I finally gave in and finished season 2 of 13 Reasons Why, against my better judgment. I was quite unimpressed with the first season and in no hurry to delve into the second one, and in the end, my misgivings were not without merit.
Oh Netflix, why you gotta do me wrong?
I’ve humored you and your ‘recommendations’. Some were even semi-decent. But it seems like I’m on a losing streak lately, to the point where I’m so hesitant about starting a new show or movie, I figure I’d just re-watch a sure thing (Breaking Bad binge, anyone?).
If you know me, you know I have a hard time connecting with characters that come off as aloof, cold and detatched. This becomes even harder when said characters’ motivations and circumstances are unfamiliar, or when their stories seem to be far outside the realm of my own experiences. Still, I can appreciate the artistic vision of their creators and enjoy the acting, direction and plot lines for what they are.
Such was the case with The Girlfriend Experience.
It’s no secret I’m not a huge fan of sci-fi – or anthology series, for that matter. But seeing as I was never a fan of the comic-book superhero genre either before bingeing on every Marvel show on Netflix, I figured I should give the ever-popular Black Mirror a shot, if only to see what all the fuss is about.
I’m sure the blogosphere is already full of in-depth analyses of the show’s latest season, but if you’re interested in a non-fan’s progression through the show’s four seasons, here goes: Keep Reading!
First there were the classic slasher films of the late 70’s-early 80’s. Then there were their countless sequels, and the novelty wore off, along with the invitable decline in quality.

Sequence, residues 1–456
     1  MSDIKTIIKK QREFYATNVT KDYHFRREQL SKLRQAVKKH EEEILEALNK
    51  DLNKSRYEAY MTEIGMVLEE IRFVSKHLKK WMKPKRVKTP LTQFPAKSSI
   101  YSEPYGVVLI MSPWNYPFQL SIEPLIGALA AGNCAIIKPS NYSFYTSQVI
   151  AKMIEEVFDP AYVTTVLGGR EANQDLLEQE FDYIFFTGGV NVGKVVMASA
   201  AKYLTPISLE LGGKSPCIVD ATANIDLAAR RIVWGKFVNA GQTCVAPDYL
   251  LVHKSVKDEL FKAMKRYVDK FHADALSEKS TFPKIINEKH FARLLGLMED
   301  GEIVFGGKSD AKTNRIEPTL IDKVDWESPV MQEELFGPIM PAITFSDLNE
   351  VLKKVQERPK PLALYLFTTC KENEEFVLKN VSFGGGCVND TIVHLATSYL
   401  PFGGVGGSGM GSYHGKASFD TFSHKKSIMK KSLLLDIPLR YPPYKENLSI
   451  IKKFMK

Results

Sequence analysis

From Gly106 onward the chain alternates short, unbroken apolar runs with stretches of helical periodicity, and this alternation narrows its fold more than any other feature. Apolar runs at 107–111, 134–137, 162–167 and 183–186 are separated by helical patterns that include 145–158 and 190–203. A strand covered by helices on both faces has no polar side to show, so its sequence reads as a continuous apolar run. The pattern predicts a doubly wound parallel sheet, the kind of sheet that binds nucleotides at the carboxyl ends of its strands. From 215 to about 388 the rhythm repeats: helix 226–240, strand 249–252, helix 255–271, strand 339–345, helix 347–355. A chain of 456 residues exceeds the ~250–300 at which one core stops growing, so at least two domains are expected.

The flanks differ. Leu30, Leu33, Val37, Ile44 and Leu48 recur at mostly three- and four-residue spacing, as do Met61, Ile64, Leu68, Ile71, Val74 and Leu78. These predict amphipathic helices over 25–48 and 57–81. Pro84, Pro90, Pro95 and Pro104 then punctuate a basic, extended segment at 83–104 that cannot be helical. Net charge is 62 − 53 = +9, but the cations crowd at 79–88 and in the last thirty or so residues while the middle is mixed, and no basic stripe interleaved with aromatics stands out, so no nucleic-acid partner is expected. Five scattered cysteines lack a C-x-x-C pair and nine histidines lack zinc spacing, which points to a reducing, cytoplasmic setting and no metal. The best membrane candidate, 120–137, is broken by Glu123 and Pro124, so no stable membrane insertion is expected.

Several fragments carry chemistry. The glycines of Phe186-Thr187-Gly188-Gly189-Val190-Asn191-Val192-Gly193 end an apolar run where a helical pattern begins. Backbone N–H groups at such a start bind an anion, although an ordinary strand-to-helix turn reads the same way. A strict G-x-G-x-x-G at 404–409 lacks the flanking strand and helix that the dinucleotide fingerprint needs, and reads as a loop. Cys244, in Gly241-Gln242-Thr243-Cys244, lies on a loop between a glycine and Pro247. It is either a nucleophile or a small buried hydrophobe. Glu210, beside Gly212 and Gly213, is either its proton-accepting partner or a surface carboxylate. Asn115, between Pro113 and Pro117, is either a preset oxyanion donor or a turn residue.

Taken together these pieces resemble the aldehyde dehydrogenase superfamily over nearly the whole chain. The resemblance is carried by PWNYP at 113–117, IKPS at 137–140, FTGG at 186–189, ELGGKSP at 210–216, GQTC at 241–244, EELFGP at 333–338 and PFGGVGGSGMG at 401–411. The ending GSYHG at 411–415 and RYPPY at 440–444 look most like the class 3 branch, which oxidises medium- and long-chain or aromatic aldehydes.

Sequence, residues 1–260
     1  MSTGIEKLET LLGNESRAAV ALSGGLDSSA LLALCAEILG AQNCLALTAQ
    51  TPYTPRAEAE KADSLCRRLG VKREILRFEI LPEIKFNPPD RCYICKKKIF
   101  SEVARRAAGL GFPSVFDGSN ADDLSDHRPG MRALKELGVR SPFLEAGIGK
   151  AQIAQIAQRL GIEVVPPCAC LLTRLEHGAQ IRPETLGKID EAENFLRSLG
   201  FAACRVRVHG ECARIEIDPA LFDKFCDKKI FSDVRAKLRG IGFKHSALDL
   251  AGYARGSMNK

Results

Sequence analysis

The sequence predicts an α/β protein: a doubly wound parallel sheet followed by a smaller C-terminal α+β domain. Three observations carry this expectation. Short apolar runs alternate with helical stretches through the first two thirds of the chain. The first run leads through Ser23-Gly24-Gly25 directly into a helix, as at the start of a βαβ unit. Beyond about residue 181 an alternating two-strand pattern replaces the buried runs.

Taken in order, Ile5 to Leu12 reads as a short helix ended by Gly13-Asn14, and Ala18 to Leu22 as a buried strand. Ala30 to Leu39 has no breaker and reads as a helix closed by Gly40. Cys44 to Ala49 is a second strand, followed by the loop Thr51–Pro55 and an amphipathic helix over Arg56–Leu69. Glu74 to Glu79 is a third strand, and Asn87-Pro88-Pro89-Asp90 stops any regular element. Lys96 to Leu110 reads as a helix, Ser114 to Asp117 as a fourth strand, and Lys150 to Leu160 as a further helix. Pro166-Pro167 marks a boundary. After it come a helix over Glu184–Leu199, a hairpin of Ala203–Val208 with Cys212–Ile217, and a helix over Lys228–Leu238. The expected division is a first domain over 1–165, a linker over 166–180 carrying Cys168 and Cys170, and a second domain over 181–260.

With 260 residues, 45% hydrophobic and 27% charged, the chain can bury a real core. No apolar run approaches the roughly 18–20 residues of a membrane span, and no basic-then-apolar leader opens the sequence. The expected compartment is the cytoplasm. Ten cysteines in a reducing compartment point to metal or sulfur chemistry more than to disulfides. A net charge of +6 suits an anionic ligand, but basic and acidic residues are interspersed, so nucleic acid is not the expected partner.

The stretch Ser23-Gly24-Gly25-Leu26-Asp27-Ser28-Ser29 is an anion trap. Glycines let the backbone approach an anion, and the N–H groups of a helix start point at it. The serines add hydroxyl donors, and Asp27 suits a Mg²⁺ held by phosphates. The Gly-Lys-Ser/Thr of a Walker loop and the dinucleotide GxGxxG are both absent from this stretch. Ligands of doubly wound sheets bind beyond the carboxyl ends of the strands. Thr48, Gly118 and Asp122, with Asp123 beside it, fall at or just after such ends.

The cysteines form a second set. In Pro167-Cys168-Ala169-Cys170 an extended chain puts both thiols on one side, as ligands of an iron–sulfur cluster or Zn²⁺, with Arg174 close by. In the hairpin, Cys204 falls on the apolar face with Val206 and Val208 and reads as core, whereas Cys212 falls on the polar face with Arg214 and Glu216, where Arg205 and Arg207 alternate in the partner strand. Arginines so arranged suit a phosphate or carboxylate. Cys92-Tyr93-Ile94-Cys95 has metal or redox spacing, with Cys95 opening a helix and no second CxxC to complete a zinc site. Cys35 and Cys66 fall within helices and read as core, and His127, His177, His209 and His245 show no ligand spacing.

For a while, Hollywood along with indie cinema seemed to go through a bit of a dry spell when it came to horror flicks: we got stellar psychological thrillers with toned down violence, but very few good, bona-fide slasher films, and those were mostly smaller productions labeled as b-movies.
If you’ve followed this blog for a while, you’ll know that I’m not exactly big on whatever we like to classify as nerd pop culture. I’ve never played a videogame (unless you count Tetris on my ancient Gameboy) and the last time I read a comic book was before the cold war ended – and even then my reading material mainly consisted of Mickey Mouse (or Archie at best). The only superhero movies I’ve actually watched are Nolan’s Batman trilogy, and I guess that says it all when it comes to my utter ignorance of the genre and the Marvel/DC extended cinematic universe.
Unless you count Jessica Jones, that is – which I honestly don’t. Superpowers aside, I enjoyed the Netflix show mostly because of the tone and actual storyline, and especially because a noir show about an alcoholic reluctant heroine and a villain who’s not two–dimensional isn’t something you come by every day. The superpowers, in this case, were merely a plot device, almost an afterthought, certainly no more than a means to an end. And that’s as much as my tolerance level would allow.
Enter the most recent Netflix addition to its collection of Marvel shows: the Punisher.
It’s no secret I’ve been slowly but surely becoming more and more disappointed in the direction The Walking Dead has taken over the past couple of seasons. I’m not the only one, either: AMC’s flagship show has lost half its audience since the terrible season 6 finale, and it doesn’t look like it’s making a comeback any time soon.
Actually, that’s quite the understatement: after the way the show wrapped up its 8th half-season, I’m willing to bet that plenty of forgiving – up till now – fans won’t be returning in February. And I count myself among them.
Oh man. This mid-season finale was a classic case of the passable TWD episode with a couple of cool scenes and plenty of infuriating details that just make you want to punch the entire writer room in the face.
Where do I start? Let’s take it from the top, I guess.